Regression is a psychological defense mechanism in which a person abandons age-appropriate coping strategies in favor of earlier, more childlike patterns of behavior. This regression is a form of retreat, bringing back a time when the person feels safe and taken care of.
The following scenarios are examples of regressive behavior:
- After the divorce of his parents, a 10-year-old begins wetting the bed.
- A college student adjusting to her new stressful life in the dorm may begin sleeping with a childhood stuffed animal.
- After her first romantic breakup, a teenager may begin sucking her thumb in order to soothe herself.
- An adult suffering from a mental breakdown may begin to rock back and forth in the fetal position.
To a certain degree, some mild regressive behaviors are considered harmless and do not require therapy. However, people with complex or traumatic childhoods may not have matured properly through all the stages of growth and may continue to act out in destructive ways.
Austrian-British psychoanalyst Anna Freud, the sixth and youngest child of Sigmund Freud, was the first to propose that people tend to act out the stage in which their mind is stuck. A person could be stuck, or “fixated,” she believed, in one of three psychosexual stages: the oral fixation phase, the anal fixation phase and the phallic fixation phase. The phase in which a person is fixated has a great affect on behavior.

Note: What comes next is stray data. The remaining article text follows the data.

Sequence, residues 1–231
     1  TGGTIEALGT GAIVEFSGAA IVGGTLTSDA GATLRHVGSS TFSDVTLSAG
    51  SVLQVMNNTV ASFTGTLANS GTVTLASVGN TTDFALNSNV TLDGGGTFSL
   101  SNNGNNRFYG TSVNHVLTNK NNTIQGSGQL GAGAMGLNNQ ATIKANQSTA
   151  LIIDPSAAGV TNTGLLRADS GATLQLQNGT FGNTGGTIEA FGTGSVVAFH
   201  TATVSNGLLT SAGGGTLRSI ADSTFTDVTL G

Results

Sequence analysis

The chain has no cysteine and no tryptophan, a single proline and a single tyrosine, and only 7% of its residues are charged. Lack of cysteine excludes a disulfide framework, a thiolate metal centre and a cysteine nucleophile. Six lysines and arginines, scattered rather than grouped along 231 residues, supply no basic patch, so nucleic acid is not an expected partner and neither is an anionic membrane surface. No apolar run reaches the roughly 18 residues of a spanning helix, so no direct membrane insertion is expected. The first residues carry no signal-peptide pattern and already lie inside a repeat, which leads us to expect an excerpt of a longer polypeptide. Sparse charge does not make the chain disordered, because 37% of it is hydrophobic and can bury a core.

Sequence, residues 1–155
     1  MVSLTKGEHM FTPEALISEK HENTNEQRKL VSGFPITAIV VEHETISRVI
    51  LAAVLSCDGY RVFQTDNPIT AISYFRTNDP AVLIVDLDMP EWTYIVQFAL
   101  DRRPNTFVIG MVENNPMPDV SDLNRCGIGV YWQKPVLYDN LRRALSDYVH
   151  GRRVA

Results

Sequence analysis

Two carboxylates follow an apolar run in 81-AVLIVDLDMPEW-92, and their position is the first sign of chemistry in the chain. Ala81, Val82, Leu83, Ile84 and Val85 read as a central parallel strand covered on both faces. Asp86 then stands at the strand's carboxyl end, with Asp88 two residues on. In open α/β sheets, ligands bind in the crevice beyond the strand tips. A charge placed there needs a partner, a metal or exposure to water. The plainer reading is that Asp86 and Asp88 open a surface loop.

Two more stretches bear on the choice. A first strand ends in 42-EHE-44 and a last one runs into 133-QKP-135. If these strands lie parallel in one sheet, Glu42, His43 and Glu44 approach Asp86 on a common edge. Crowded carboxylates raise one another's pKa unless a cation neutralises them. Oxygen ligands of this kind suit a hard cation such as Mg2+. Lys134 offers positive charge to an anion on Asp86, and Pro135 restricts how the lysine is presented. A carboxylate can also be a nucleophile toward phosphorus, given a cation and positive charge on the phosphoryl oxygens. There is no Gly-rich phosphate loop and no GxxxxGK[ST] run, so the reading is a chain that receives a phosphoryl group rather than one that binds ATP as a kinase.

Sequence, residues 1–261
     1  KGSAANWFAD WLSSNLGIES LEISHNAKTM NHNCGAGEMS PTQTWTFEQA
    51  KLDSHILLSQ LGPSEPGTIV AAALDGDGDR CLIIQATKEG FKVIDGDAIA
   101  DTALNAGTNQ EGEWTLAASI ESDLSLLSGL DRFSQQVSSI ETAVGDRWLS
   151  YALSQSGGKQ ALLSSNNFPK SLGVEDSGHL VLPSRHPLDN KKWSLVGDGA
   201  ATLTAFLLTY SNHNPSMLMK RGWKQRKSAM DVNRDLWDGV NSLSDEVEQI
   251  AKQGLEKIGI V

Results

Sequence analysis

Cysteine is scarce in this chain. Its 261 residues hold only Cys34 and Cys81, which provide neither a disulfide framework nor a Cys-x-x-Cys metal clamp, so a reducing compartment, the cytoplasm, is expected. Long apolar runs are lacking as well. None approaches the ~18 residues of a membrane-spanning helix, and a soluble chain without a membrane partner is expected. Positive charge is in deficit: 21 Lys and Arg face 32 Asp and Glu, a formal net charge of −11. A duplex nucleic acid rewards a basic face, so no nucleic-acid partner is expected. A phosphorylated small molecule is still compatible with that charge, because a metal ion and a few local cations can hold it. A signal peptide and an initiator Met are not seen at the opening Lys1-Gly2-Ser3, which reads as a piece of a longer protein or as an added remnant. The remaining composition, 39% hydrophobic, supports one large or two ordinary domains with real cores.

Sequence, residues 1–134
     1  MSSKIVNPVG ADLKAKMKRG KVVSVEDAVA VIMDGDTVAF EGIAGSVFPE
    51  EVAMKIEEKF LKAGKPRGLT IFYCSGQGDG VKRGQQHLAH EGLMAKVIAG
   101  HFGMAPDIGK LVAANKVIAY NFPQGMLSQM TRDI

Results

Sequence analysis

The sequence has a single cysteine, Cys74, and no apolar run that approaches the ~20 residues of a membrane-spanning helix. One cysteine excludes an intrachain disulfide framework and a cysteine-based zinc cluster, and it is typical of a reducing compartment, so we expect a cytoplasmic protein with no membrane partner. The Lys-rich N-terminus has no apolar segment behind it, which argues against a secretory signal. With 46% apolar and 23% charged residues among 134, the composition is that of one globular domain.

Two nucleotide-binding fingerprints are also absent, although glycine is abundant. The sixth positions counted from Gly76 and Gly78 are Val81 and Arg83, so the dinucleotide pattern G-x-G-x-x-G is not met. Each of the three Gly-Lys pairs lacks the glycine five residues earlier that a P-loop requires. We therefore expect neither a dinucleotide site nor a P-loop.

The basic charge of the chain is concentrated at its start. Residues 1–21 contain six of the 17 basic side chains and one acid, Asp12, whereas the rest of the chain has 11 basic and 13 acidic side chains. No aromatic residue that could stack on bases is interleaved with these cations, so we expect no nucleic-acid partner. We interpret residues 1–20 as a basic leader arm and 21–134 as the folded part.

When stuck in the oral fixation phase, for example, a person under a lot of stress might begin chain smoking, overeating or become verbally abusive. If someone is stuck in the anal fixation phase, he may become exceptionally or even ruthlessly clean and orderly, or he could go in the opposite direction and become terribly sloppy and messy. A person with a phallic fixation can develop conversion hysteria (when physical symptoms appear from psychological conflict) and act out in sexual impulses.
Example: After a stressful day, a 10-year-old boy reverts to his childhood habit of thumb-sucking.